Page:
Maryland Transit Administration officials are proposing changes that would cut back three bus routes serving downtown Baltimore - prompting protests from riders and advocates for public transportation.
Changes to the routes were aired at a little-publicized "informational" meeting yesterday at which MTA officials briefed about 15 riders - none of whom found much to like in the proposal.
The MTA is expected to decide within two weeks whether to shorten the routes when it moves to its fall schedule in September.
The changes would eliminate portions of three lines:
No. 10, which runs from Dundalk to State Center at West Preston Street, would instead end at Lexington Market.
No. 31, from Arbutus to Pennsylvania Station, would end at the Inner Harbor rather than continuing up Charles Street to the train station.
No. 64, which runs from Curtis Bay up Calvert Street to 20th Street, would run no farther north than Centre Street.
Michael J. Deets, an MTA planner, said the proposals were based on ridership surveys.
"These are places where it's very obvious there are not lots of people on the bus," he said.
Deets said changes are driven by several goals, including cost savings, scheduling efficiencies and relieving downtown traffic congestion.
Edward Cohen, vice chairman of the Transit Riders League, challenged the notion that buses cause congestion.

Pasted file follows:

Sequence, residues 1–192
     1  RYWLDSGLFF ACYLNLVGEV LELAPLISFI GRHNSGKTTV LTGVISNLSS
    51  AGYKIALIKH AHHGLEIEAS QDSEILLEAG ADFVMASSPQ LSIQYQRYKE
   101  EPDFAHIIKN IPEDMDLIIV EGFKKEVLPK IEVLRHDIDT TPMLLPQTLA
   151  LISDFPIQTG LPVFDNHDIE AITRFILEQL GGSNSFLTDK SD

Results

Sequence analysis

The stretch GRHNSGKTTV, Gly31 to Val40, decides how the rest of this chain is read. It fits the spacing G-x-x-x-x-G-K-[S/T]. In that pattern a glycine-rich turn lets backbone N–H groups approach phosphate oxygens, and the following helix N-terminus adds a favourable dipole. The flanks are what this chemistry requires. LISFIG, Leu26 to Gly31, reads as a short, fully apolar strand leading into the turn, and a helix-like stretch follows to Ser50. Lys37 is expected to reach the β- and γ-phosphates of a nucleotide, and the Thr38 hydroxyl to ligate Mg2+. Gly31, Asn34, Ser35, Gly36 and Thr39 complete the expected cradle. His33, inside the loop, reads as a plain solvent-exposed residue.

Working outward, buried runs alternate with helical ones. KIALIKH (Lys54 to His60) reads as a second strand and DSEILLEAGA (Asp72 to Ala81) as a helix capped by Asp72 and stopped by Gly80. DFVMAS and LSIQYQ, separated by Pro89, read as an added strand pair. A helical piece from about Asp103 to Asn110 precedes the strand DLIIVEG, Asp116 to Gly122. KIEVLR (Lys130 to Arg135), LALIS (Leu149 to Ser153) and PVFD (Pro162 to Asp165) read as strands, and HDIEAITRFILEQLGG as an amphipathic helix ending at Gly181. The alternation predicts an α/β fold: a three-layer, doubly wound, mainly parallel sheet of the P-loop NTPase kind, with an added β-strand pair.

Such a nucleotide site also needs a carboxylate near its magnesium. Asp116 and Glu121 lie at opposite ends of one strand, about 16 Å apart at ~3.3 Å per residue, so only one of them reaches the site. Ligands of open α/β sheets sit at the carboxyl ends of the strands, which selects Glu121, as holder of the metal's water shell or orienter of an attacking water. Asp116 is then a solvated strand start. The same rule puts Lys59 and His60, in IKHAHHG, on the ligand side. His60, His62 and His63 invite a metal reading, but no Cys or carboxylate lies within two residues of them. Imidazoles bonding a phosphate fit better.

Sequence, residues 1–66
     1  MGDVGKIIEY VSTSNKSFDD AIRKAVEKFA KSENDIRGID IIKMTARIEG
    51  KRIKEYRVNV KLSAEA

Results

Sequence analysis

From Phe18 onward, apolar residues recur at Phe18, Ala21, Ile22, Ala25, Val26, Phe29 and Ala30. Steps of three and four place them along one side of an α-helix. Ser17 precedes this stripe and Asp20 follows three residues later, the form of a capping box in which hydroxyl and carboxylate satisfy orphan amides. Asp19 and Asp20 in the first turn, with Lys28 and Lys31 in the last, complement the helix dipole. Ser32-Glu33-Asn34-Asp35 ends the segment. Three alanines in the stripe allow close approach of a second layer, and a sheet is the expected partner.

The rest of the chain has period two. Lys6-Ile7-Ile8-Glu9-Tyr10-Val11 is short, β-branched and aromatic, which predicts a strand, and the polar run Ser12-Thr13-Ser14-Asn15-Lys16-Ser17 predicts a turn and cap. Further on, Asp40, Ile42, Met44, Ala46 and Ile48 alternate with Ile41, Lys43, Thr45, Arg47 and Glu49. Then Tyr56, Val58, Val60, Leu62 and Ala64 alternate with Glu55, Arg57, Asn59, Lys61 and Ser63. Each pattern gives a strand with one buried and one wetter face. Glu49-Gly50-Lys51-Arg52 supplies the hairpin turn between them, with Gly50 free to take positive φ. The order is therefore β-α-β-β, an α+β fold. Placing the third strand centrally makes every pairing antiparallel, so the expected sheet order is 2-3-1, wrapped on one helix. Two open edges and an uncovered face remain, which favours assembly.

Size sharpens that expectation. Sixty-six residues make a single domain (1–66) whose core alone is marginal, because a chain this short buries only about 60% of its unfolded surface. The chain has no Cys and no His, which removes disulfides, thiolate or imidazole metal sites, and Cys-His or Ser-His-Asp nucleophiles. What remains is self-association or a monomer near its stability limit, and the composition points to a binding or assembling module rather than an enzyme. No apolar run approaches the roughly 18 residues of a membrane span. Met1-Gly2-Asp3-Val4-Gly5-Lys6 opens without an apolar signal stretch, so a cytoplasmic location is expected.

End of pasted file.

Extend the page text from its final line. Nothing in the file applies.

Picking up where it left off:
"Anyone who is trying to lay the blame on the buses is just passing the buck," he said. He predicted the changes would force disabled riders who use public transit to switch to costly Mobility van and cab service.
Aloma Bouma, who is blind, said cuts to Nos. 31 and 64 will impose hardships on residents of Mount Vernon, where she lives. She also noted the proposal would eliminate No. 64's connection between Penn Station and the National Federation of the Blind headquarters in South Baltimore.
MTA officials said the proposal is not final and reassured skeptical riders that their comments would be conveyed to higher-ups. But Bouma was not convinced.
"I have low confidence that these information sessions accomplish very much," she said. "I believe these changes are a done deal."
Beth Robinson, an MTA operations director, said the agency has to look at bus routes to see where it can get "more bang for the buck."
"Our budget is not going to increase," she said.
The meeting was not an official hearing. MTA spokesman Richard Scher said the agency generally holds hearings on route changes only when "a significant portion" is proposed for elimination.
"We do not consider the proposed changes to these individual bus routes to be significant," he said.